You see, the theory of evolution says life on earth, including human life, originated as a result of random chance. If that is the case, then a meaningful, purposeful, personal God does not exist. Neither does absolute truth, so each person might as well “make up his or her own truth.” This is relativism arising from a materialistic worldview (a set of presuppositions that says the material universe is all there is). You can talk all you want about how God used evolutionary processes to create life; but, respectfully, all such talk is just hot air. Evolution by definition relies heavily on chance and random processes; so if God intentionally used any process, it couldn’t have been random. In other words, the idea that God “created” through evolutionary processes is a non-starter. It violates the law of non-contradiction. Just as smooth wrinkles can’t exist, neither can purposeful chance (also go here).

It’s especially true that random forces can’t account for the uniqueness of human beings. People have instincts, just like animals do; but they also have many qualities other life forms do not, including the abilities to reason, relate, communicate, appreciate beauty, and abhor ugliness. Nature says loudly and clearly that random forces could never have given rise to human life.

Evolutionists will object and say that chance isn’t the only force involved in evolution; things like mutations and natural selection also are involved. Mutations and natural selection clearly do influence what characteristics thrive from generation to generation within a specific species, but it’s difficult to see how these factors could even have been present at the origin of life. Various genetic changes within a species—we call these examples of microevolution —do not give rise to another species altogether. That would be macroevolution.


Darwinists often cite examples of microevolution to prove that macroevolution actually took place. This is misleading, at best.


Without macroevolution, the entire theory that one type of animal—say, a human being—descended from a completely different type, such as a reptile or a fish, completely breaks down (see the quote from E. V. Hill at the top). Darwinists have a habit of citing examples of microevolution to prove that macroevolution actually took place. This is misleading, at best.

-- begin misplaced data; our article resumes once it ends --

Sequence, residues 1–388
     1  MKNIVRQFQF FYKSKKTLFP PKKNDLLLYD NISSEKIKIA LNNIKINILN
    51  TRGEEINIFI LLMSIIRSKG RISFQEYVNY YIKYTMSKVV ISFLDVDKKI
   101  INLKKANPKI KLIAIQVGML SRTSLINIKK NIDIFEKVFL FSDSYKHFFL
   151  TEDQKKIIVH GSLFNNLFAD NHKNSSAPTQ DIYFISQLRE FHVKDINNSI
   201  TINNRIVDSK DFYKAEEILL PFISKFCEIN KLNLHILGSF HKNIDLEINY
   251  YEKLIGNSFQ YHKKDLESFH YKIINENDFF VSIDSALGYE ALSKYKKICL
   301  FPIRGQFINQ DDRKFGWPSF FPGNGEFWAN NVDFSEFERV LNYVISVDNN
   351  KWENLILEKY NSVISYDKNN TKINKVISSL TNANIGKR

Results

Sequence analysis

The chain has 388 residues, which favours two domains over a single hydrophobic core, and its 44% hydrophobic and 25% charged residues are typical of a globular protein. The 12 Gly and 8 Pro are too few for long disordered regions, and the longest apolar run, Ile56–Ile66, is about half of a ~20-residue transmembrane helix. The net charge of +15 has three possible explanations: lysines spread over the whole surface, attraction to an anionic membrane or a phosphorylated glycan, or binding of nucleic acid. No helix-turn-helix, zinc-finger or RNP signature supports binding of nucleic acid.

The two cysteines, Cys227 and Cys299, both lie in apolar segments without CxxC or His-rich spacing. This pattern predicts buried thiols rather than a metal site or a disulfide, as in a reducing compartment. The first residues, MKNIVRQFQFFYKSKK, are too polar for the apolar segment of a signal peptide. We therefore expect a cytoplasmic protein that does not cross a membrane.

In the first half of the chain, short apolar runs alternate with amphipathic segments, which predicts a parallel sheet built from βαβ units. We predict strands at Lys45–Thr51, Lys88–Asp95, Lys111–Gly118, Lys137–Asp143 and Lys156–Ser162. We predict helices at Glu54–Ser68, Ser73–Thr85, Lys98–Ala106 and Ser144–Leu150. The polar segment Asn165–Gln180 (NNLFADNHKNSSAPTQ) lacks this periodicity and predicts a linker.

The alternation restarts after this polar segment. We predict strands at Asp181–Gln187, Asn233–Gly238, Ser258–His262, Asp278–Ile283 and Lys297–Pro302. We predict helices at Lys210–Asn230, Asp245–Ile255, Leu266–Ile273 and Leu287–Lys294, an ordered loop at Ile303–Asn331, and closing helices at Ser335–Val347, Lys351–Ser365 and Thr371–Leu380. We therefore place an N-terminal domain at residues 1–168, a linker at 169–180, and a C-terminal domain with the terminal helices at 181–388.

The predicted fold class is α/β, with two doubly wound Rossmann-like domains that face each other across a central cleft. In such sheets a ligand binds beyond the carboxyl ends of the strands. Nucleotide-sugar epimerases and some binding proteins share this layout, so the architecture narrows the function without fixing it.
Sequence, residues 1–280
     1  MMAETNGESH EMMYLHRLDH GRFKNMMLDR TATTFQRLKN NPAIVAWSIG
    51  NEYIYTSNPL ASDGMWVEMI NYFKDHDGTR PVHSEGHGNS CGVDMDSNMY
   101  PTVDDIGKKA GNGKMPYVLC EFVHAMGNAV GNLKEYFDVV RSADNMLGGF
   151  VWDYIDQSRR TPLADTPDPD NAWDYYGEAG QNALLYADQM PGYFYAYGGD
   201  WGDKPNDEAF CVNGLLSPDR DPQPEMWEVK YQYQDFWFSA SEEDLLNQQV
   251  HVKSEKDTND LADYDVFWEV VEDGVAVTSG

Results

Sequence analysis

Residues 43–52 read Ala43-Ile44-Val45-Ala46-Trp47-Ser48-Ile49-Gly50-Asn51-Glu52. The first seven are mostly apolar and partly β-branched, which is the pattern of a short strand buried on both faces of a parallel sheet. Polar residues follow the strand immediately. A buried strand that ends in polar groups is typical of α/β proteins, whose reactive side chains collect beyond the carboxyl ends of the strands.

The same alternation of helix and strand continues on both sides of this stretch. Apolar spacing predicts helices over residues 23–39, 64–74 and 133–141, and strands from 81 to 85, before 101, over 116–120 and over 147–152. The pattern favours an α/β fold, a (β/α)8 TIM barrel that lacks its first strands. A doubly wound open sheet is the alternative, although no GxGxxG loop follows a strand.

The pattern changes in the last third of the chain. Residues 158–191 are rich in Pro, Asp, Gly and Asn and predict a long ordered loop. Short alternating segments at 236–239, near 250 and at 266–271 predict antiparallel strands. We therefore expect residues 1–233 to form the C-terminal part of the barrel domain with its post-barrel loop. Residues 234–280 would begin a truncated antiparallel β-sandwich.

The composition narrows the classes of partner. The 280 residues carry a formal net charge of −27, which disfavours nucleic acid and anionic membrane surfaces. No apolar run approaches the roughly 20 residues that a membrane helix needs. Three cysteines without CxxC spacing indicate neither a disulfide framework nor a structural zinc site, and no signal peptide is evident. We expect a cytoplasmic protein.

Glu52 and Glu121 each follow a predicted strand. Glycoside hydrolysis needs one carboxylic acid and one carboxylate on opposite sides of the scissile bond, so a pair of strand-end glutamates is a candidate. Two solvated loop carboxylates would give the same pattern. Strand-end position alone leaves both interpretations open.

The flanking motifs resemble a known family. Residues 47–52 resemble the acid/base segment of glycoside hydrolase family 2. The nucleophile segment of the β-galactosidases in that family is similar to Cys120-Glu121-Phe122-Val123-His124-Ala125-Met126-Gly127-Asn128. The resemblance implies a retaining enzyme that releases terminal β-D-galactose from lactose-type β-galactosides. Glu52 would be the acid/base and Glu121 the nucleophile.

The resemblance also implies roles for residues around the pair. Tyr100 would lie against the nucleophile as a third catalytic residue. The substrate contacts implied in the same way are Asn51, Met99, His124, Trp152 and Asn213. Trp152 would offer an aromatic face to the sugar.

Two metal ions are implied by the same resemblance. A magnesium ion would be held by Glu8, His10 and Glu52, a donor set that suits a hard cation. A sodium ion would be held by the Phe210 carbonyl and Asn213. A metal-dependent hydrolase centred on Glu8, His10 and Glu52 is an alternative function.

A growing number of professional scientists are speaking out and expressing scientific doubts about Darwinism. You can learn more about their concerns here.

Connecting the Dots

Perhaps one day we will be able to examine evolution more specifically, but for now I want to take a “wide-angle” look at evolution by connecting the dots between it and its descendants. Along these lines, there’s more to relate about Alan’s visit with his pastor. That visit really challenged Alan’s thinking and opened his eyes. Over time Alan began to see relationships not only between evolution and relativism, but also between evolution each of the following.

  • a lack of personal restraint in society
  • the sexual revolution and its fruit, including promiscuity, reliance on abortion as birth control, homosexuality, the redefinition of marriage, and transgenderism
  • environmentalism, including efforts to combat global warming by eliminating use of fossil fuels and relying exclusively on “clean energy”
  • the animal rights movement
  • population control
  • the eugenics movement

There even is a connection between evolution and Hitler’s efforts to eliminate the Jewish people. Go here to learn more about how Alan came to see all these connections. Keep in mind that this account originally was written in June of 2015, so some of the examples cited won’t now be front-page news. That’s OK. They still make their points quite well.

Relativism, you see, does not stand alone, so as we examine the damage it has caused, we need to see this damage in terms of the big picture—relativism and other related ideas and movements.

A quick review: We’ve seen that relativism is connected to evolution, which is related to each of the bulleted items above and to the Nazis’ genocidal effort against the Jews. It doesn’t stop with these, either. This article points to even more (also go here). Thus, as bad as the Titanic disaster was, relativism and its friends and family members have given rise to many more—and worse—horrific atrocities.

Good Intentions, Good Feelings, and Horrific Results

In closing, I’d like to add one more specific example to the above list. The video below featuring John Stossel obviously was made several years ago. Here is a video he made on the same topic made more recently.

In neither one did Stossel discuss how the problems highlighted relate to a particular worldview, but you can, can’t you? How has a particular worldview contributed to the problems Stossel describes, and how is relativism a part of the mix?

We’ll return to our series on absolute truth in two weeks to discuss some of the benefits arising from a belief in absolutes. Be sure to return next week for a very special post.

Part 4 is available here.

Copyright © 2017 by B. Nathaniel Sullivan. All rights reserved.

1video of Dr. Hill’s presentation, available at the Promise Keepers website